25. Some have argued that this adjudication forms a de facto set of regulations similar to the common law; however, others have argued such an approach is outside the agency’s authority (Solove and Hartzog, “The FTC and the New Common Law of Privacy”; Hurwitz, “Data Security and the FTC’s UnCommon Law). The courts have not addressed this issue directly. In any event, ad hoc adjudication is a responsive, slow, and deeply inferior practice to coordinated policymaking and represents an example of the imperative for congressional oversight.
  26. 103 F.T.C. 110, 174, “FTC Policy Statement on Deception” (1983), https://www.ftc.gov/system/files/documents/public_statements/410531/831014deceptionstmt.pdf; 104 F.T.C. 949, 1070, “FTC Policy Statement on Unfairness” (1980), https://www.ftc.gov/public-statements/1980/12/ftc-policy-statement-unfairness.
  27. See Daniel J. Solove and Woodrow Hartzog, "The FTC and the New Common Law of Privacy," 114 Colum. L. Rev. 584 (2014), see also Justin (Gus) Hurwitz, "Data Security and the FTC's UnCommon Law," 101 Iowa L. Rev. 955 (2016).
  28. Jay Clayton, Chairman of the U.S. Securities and Exchange Commission, “Oversight of the US Securities and Exchange Commission: Enterprise Risk and Cybersecurity,” statement to Committee on Banking, Housing, & Urban Affairs, U.S. Senate, Dec. 11, 2018, https://www.sec.gov/news/testimony/testimony-oversight-us-securities-and-exchange-commission-0.
  29. Except as provided under HIPAA.
  30. “(Another) Federal Data Breach Law Introduced in Congress,” National Law Journal, December 18, 2017, https://www.natlawreview.com/article/another-federal-data-breach-notification-law-introduced-congress.
  31. Not to be confused with the Cybersecurity Infrastructure Security Agency Act of 2018, which created the Cybersecurity Infrastructure Security Agency within the Department of Homeland Security.
  32. Public Law 114-113, Cybersecurity Information Sharing Act of 2015 (CISA), 2015, Section 106 (incorporated as amended into the Consolidated Appropriations Act of 2016).
  33. Cory Bennett, “Breaches Prompt Lobbying Surge Behind Cyber Bill,” The Hill, May 5, 2015, https://thehill.com/policy/cybersecurity/241023-breaches-prompt-lobbying-surge-behind-cyber-bill.
  34. See, e.g., Lee Tien, “DHS Agrees with EFF: Senate’s CISA ‘Cybersecurity’ Bill Will Damage Privacy,” Electronic Frontier Foundation, August 5, 2015, https://www.eff.org/deeplinks/2015/08/dhs-agrees-eff-senates-cisa-cybersecurity-bill-will-damage-privacy. See also, e.g., Jadzia Butler and Greg Nojeim, “Cybersecurity Information Sharing In the ‘Ominous’ Budget Bill: A Setback for Privacy,” Center for Democracy & Technology, Dec. 17, 2015, https://cdt.org/insights/cybersecurity-information-sharing-in-the-ominous-budget-bill-a-setback-for-privacy/.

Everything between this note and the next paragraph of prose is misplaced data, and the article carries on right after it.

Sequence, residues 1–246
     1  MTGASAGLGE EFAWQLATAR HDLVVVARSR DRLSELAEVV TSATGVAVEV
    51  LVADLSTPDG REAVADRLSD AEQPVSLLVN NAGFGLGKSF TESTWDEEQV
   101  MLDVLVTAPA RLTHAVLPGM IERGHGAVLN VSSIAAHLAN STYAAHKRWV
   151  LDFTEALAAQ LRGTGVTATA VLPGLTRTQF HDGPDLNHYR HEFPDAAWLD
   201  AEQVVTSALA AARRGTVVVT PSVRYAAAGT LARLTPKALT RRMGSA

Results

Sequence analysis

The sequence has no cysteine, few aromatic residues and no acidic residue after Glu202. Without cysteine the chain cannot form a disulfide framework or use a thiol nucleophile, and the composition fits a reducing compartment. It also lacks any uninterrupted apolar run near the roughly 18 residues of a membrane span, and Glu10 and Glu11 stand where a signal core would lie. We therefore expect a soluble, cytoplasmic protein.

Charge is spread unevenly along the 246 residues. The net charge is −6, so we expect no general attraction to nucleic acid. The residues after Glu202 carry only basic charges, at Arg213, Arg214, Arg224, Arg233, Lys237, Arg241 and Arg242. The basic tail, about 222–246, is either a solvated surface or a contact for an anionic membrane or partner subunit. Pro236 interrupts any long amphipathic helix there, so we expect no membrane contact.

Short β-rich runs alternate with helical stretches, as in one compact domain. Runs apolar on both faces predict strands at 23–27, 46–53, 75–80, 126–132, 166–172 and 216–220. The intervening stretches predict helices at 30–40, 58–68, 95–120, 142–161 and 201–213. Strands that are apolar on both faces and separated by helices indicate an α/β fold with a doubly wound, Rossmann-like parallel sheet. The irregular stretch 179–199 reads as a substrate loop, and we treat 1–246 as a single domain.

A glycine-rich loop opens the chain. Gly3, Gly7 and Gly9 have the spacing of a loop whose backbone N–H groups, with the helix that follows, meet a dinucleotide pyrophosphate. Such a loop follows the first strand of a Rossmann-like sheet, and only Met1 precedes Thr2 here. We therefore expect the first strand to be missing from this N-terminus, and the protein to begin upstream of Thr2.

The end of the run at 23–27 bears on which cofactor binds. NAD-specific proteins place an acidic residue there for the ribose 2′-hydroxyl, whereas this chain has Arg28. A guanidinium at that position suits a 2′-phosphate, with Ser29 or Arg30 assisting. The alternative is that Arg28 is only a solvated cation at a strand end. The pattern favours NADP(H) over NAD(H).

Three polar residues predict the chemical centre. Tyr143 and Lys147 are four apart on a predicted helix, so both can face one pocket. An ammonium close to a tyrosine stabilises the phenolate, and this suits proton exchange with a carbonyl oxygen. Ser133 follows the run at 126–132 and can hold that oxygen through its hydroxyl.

35. This likely was, at least in part, a result of the fact that substantial amounts of information sharing already were occurring within the context of the Information Sharing and Analysis Centers (ISACs) under the authority of Presidential Decision Directive 63 (PDD-63), 1998. Of note, PDD-63 was implemented before the formation of the Department of Homeland Security.
  36. See, generally, David Thaw, “The Efficacy of Cybersecurity Regulation, Ga. St. U. L. Rev. 30 no. 2 (Winter 2013), 287. See also David Thaw, “Characterizing, Classifying, and Understanding Information Security Laws and Regulations: Considerations for Policymakers and Organizations Protecting Sensitive Information Assets” (Ph.D. dissertation, University of California, Berkeley) (on file with the University of California), (Spring 2011).
  37. See Paul Rosenzweig, “Preliminary Observations on the Utility of Measuring Cybersecurity,” Lawfare, August 6, 2019, https://www.lawfareblog.com/preliminary-observations-utility-measuring-cybersecurity; Robert S. Taylor, “How to Measure Cybersecurity,” Lawfare, August 26, 2019, https://www.lawfareblog.com/how-measure-cybersecurity.
  38. Kathryn Waldron, Resources for Measuring Cybersecurity (R Street Institute, October 2019), https://www.rstreet.org/wp-content/uploads/2019/10/Final-Cyberbibliography-2019.pdf.
  39. This problem continues: Just about one month before publication of this paper, Congress held hearings considering various federal privacy bills. These bills, however, failed to adequately consider the interrelationships with cybersecurity issues. See Jeff Kosseff, “Congress Is Finally Tackling Privacy! Now Let’s Do Cybersecurity,” Slate, Dec. 3, 2019, https://slate.com/technology/2019/12/congress-national-privacy-law-cybersecurity.html.